Sydney longboarder Lucy Small made waves in April 2021 when she called out the unfairness of a surfing competition paying female winners less than half the prize money of men in the same comp.

Today, she is charging on a new campaign to ensure the same thing doesn’t happen in sports clubs and competitions across NSW.

Together with journalist, surfer and Tracks writer Kate Allman, the pair has founded a petition for the NSW government to consider updating rules surrounding state government sports funding.

Sign the petition here

The petition asks the government to look at gender equity in sports clubs applying for grants or funding, prior to awarding those grants. Clubs applying for funding would need to show they offer equal prize money, fair opportunities, facilities and employment for both women and men competing under state government-funded sports associations such as Surfing NSW or AFL NSW.

Tracks writer, Kate Allman, is on the front foot with a campaign that challenges government sporting bodies to provide women's sports with 'equal pay for equal play'.

“We’re calling for gender equity to be made a condition for sporting organisations to receive state government grants, funding, and tenders,” the campaign says on its website. “We request the NSW government change its requirements for community clubs to specify gender equity and equal opportunity as a pre-condition for the club to receive funding, grants and tenders.”

The women have called their petition “Equal pay for equal play”, which is inspired by a similar campaign that ran in California in 2019, when female surfers competing at the infamous Mavericks big-wave competition were earning less than half the prize money of their male counterparts. Surfers convinced the Californian government to introduce an “equal pay for equal play” law, making it illegal to pay women and men differently in athletic events held on state land.

The NSW campaign, which launched officially on Thursday, does not ask for a criminal law change but focuses on how the state government should direct its funding – to organisations with equal opportunity for both genders to participate in sport. It has already garnered support from a coalition of athletes in a range of fields.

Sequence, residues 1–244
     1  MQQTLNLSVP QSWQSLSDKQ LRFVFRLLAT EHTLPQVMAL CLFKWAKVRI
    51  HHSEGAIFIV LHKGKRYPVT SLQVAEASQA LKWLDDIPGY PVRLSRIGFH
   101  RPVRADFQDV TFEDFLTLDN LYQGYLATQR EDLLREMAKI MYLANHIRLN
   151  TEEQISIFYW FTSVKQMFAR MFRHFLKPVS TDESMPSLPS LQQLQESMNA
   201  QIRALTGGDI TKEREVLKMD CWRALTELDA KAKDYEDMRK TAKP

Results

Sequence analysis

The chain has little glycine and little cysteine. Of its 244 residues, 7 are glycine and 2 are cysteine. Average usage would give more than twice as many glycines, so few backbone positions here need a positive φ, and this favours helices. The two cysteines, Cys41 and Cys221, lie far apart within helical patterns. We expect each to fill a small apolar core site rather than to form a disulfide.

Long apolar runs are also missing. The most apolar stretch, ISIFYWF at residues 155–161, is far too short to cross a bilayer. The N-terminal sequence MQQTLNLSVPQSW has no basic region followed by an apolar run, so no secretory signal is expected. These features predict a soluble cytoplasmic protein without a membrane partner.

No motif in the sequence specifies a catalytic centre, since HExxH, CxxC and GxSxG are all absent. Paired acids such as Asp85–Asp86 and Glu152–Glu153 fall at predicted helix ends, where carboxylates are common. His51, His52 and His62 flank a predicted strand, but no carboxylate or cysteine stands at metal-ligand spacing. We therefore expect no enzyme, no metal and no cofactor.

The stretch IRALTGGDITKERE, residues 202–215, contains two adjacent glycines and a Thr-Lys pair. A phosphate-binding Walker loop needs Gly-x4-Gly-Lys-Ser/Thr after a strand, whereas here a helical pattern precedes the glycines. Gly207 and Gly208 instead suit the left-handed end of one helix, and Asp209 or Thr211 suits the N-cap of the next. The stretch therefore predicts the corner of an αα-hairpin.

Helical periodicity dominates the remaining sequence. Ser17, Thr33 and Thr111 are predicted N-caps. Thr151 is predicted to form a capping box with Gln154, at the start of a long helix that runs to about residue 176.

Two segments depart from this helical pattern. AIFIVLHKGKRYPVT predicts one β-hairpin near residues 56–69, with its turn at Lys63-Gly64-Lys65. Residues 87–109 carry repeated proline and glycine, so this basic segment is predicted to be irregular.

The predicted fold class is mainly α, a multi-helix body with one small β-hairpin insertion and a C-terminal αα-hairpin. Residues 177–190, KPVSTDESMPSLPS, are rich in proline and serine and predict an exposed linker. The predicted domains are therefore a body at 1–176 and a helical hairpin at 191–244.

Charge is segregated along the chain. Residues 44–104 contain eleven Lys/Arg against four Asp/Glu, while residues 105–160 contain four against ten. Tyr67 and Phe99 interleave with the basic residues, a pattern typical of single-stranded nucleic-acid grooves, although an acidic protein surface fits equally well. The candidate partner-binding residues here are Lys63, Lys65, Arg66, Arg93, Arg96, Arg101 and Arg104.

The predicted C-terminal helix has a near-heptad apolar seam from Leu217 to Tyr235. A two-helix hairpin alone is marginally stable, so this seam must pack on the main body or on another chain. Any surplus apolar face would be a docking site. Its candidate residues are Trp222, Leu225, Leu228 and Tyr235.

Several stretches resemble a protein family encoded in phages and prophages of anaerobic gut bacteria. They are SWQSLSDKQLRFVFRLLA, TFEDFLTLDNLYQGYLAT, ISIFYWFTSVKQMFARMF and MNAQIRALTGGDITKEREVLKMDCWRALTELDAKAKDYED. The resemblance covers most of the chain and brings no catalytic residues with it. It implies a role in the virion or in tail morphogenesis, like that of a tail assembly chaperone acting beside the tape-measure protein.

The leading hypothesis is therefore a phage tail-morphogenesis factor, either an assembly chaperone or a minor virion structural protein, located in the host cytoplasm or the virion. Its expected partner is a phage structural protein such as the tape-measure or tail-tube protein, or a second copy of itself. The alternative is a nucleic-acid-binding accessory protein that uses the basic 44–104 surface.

Professional surfer, writer and documentary maker Lauren Hill lent feedback to the wording of the petition, as did AFLW star and former Rugby Sevens Olympic gold medallist Chloe Dalton. Both athletes will back the movement, along with GWS Giants captain Alicia Eva, NRLW player and radio presenter Katie Brown, and former Sydney Swans AFL player Brandon Jack.

Podcaster and founder of the women in sport platform Ladies Who League, Mary Konstantopoulos, has enthusiastically supported the campaign from its inception. And Australian Hockeyroos players Madison Fitzpatrick and Kalindi Commerford, who currently live and train in Perth but are both originally from NSW, told Tracks they would be behind it 100 per cent.

“Put us down in bold,” Commerford said.

Lucy and Kate – surfers who became friends after Kate covered the initial prizemoney incident for Tracks – collaborated with surfing lawyer and Vice President of the Australasian Lawyers Surfing Association, Jess de Simone, at the campaign’s inception. Jess and Lucy approached Surfing Australia and Surfing NSW to ask for changes in the surfing rule books to prevent unequal prize money. The associations have agreed to introduce a new rule requiring that surf clubs competing or organised under the government-funded association banners must offer equal prize money to both genders.

But Lucy said the surfers were keen to take further action to prevent gender inequity in other sports.

“After that experience and the clear disparity in prize money, the community response and big media response to the situation, it made me think that we are in a time in which people are ready for change,” Lucy told Tracks.

“Surfing Australia updated its rule book, and we’re grateful for that, but it’s not comprehensive in terms of addressing widespread change for women in sport. As quickly as rule books can change, they can be changed back. It made me think we need to have legislative change. It made sense to expand to all sports – because this is an issue across the board for women and girls in sport.”

Lucy met with NSW Minister for Sport Natalie Ward, as well as Chief Executive of the Office of Sport, Karen Jones, and Jo Haylen, the Member for Summer Hill to discuss the idea in June. The Minister for Sport said in correspondence that “maximising investment in women’s sport across the sporting sector, corporate sector, media and government is a key objective under the NSW Government’s Her Sport Her Way strategy” but did not specify whether her government could make changes to the sporting grants and tender process.

Labor Minister Haylen, the Member of Parliament in Lucy’s electorate, is sponsoring the petition, which is listed online on the NSW parliament website.

Under state parliament rules, any ePetition that gains 20,000 signatures must be debated in NSW Parliament.

To add your support and sign the petition click here.